"Mama!" Elsa protested, giggling. The sound warmed Brigitta's heart, as one she had been unsure if she would ever hear again. Then her daughter sobered, looking worried. "But what will Papa say?"
"Papa will say," said King Gunther of Arendelle from the doorway of Anna's bedroom, making Queen and Princess both look around in surprise, "that he is very proud of his strong and talented daughter Elsa, who will be a Queen to be reckoned with someday. And that he is very grateful to his wise and clever lady wife," he added to Brigitta, "for understanding what he did not."
"Yes, I have no doubt how you would have handled things if I had not spoken." Brigitta shook her head. "You were already beginning badly. Closing the gates, Gunther? Walling out the world, shutting us inside, when the eldest troll told us specifically that Elsa must not be controlled by her fear? What better way to force that to happen?"
"So I see now. And so I should have seen from the beginning." Gunther sat down on the opposite side of the bed from his wife, and stroked Anna's hair once before holding out his hand to Elsa. "We will leave the gates closed until, as your mother says, you have learned how to pay attention when you use your powers," he told her as she came to him. "But I think that will not take you very long. And as part of your practice, Elsa, you will spend a part of every day with Anna, and you will remember that she does not remember what you can do. So, when you play with her, you must be only Princess Elsa, and not my little Snow Queen." He lifted Elsa's braid between two fingers and brushed the tip of her nose with it, making her smile. "Can you do that?"
"Yes, Papa." Elsa looked longingly at her sister. "But when can I tell her again?"
"On the day we open up the gates," said Brigitta before Gunther could respond. "And that will be, Elsa, when you have passed a test, the same sort of test that pages must pass before they can be squires. Three parts, do you think, love?" she asked her husband. "A keen eye, a clever mind, and a willing heart?"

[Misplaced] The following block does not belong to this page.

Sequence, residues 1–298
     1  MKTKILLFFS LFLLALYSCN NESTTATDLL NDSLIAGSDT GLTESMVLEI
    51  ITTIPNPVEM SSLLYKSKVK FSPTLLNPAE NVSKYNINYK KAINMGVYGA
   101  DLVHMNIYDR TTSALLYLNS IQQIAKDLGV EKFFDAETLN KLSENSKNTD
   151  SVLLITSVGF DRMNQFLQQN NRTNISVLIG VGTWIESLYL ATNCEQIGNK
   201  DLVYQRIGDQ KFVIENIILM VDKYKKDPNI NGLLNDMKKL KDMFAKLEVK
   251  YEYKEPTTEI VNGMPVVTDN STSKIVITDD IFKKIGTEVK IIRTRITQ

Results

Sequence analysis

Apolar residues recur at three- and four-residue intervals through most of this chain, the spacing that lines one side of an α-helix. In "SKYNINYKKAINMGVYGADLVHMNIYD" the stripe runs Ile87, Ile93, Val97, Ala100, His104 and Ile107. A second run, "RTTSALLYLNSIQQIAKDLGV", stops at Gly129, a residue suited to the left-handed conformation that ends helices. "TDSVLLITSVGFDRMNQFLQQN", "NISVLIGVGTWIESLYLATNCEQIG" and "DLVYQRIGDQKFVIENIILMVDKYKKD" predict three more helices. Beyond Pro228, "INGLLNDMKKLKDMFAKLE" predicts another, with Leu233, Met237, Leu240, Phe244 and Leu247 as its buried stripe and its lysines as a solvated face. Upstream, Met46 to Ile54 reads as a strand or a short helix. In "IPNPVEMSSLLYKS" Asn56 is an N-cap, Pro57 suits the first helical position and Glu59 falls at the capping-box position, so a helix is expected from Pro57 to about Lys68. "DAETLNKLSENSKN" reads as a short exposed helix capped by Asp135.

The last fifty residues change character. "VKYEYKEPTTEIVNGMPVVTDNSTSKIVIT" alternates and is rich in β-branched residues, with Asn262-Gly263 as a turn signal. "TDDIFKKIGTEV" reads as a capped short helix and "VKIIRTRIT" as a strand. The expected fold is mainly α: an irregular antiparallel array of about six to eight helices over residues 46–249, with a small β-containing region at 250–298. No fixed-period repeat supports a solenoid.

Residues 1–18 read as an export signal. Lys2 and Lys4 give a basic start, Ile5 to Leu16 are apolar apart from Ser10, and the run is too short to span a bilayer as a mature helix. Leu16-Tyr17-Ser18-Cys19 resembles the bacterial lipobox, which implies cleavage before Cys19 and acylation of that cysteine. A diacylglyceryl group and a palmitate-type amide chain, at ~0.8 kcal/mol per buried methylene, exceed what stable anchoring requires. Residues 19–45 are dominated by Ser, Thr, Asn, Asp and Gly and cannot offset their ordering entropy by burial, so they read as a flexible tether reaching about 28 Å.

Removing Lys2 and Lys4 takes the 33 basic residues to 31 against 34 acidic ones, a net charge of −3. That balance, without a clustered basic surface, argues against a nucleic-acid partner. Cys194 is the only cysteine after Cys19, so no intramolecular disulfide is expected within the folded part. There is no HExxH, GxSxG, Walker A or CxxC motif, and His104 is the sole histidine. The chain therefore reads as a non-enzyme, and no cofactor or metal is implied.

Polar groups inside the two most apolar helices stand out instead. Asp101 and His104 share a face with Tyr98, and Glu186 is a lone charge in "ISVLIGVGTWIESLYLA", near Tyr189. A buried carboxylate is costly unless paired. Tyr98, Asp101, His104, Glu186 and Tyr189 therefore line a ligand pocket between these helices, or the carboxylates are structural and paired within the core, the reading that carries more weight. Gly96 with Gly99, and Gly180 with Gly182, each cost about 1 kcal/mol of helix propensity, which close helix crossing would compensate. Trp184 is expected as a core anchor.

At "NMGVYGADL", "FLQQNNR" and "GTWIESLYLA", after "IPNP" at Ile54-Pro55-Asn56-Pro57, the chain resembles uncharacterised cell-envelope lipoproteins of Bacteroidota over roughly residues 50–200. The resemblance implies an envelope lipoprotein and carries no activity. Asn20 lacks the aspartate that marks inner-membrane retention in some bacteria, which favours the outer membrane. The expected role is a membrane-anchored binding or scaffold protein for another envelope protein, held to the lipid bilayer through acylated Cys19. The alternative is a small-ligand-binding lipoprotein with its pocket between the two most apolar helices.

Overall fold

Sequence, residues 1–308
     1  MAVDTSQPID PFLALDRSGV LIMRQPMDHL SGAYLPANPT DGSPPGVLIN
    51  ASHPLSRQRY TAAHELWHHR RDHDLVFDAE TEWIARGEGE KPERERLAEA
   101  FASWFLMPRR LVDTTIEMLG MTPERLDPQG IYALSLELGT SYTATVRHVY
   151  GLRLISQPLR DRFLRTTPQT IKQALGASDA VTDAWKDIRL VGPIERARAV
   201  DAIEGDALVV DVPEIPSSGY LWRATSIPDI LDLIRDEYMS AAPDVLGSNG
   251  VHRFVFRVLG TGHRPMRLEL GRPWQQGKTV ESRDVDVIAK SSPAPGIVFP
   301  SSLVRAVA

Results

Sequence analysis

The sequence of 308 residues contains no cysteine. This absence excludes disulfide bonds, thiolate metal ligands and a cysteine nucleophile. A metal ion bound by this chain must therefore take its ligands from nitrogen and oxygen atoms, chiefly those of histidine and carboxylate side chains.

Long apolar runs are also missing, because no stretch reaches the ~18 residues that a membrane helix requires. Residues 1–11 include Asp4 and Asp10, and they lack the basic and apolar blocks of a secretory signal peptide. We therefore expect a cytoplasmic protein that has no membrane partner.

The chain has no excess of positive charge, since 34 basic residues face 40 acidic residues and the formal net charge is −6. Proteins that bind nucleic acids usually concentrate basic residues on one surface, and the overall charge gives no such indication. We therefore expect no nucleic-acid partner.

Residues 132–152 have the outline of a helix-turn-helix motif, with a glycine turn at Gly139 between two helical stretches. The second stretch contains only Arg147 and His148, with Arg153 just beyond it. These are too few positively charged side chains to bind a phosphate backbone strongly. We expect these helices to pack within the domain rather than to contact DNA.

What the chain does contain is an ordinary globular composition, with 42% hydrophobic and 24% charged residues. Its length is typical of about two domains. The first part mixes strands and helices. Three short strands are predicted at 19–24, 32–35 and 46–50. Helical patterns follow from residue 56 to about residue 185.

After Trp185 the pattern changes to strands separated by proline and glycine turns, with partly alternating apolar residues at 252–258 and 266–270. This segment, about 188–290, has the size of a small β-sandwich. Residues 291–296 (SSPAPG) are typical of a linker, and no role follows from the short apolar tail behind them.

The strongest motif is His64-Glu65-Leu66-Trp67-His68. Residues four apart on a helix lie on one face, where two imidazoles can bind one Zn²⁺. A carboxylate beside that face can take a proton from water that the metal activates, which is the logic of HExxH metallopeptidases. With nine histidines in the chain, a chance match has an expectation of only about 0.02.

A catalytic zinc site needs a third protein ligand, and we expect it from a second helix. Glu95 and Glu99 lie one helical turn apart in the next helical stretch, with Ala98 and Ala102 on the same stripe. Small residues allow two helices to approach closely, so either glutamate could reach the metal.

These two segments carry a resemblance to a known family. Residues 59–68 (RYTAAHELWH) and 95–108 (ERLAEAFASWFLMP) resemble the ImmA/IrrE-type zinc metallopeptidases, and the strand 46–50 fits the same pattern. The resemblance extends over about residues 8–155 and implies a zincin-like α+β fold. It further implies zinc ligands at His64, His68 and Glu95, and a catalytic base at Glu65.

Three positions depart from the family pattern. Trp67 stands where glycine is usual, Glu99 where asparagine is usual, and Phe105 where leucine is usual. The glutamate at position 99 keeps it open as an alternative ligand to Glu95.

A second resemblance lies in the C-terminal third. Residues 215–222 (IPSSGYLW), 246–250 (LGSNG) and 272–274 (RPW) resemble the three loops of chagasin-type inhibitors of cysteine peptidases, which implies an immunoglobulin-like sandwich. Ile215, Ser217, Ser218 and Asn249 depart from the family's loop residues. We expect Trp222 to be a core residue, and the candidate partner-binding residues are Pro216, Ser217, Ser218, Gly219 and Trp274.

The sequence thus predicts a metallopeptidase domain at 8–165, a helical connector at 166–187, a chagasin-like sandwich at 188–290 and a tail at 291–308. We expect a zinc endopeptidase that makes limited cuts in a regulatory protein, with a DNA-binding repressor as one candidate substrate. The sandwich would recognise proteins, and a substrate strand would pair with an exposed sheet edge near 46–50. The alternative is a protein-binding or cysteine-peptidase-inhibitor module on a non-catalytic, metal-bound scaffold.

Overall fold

"Please, my dear, continue." Gunther sat back, as Elsa perched herself on the bottom corner of Anna's bed to listen. "What do you have in mind?"
"First, glasses of water." Brigitta shaped them with her hands. "Ten of them, hidden throughout a room. You must seek them out and freeze the water in them, Elsa, and only that water, without harming what lies around it—yes, you can," she added at a protesting murmur from her daughter. "Or haven't you been making yourself and your sister a snowy playground in our good ballroom every other day for the last year and a half, and never causing a bit of damage to the floors?"
Elsa gasped. "You knew?"
Brigitta only smiled, and went on. "Second, you will study with your father the times in the past when Arendelle has been in danger, and what the kings and queens of those times did to keep our kingdom safe. And then you will discuss with him what you might do, when you are a woman grown and the Queen of Arendelle, with your powers to act as your sword and your bow." She steepled her fingers together. "After all, what are the two best ways to enter our kingdom? By the fjord, or through the mountain passes. And what can happen to fjords, and to mountain passes, especially in winter?"
With a grin, Elsa held out her hand, over which a fine dust of snow trickled down onto a sheet of ice.
"Precisely." Brigitta gestured for her daughter to end the use of her power, and traded a small, smug smile with Gunther when Elsa did so almost absently. "And third, Elsa, you will simply live. You will come and go through the palace. You will learn lessons with your father and with me, and you will play games with your sister, and you will exercise your powers when you are alone, learning both to call them up and to send them away. And when you have mastered all of that—which, make no mistake, you will—then we will open up the gates. And then you may show Anna what you can do once again."
"Yes, Mama." Elsa sighed a little. "I still wish she'd never had to forget to begin with."
"I know, little one." Brigitta reached out and took her daughter's hand across the expanse of bed. "But we must think of the future now, not the past. And the future may yet be a beautiful one." She looked across at her husband. "I like the way you put it, love. Elsa of Arendelle, the Snow Queen."
Judging by the smile on Elsa's face, Brigitta thought, her daughter liked the title very well herself.
So, there's our beginning. How will things continue to unfold? Will Hans, and Kristoff and Sven, come into this version of the story at all? Well now, you just have to read and find out, don't you?
Thanks, as always, for reading, and if you've enjoyed this beginning, please, stay with me…my beginnings have a habit of turning into quite lengthy continuations, which is true both of my fan writing and my originals. See my website for more information!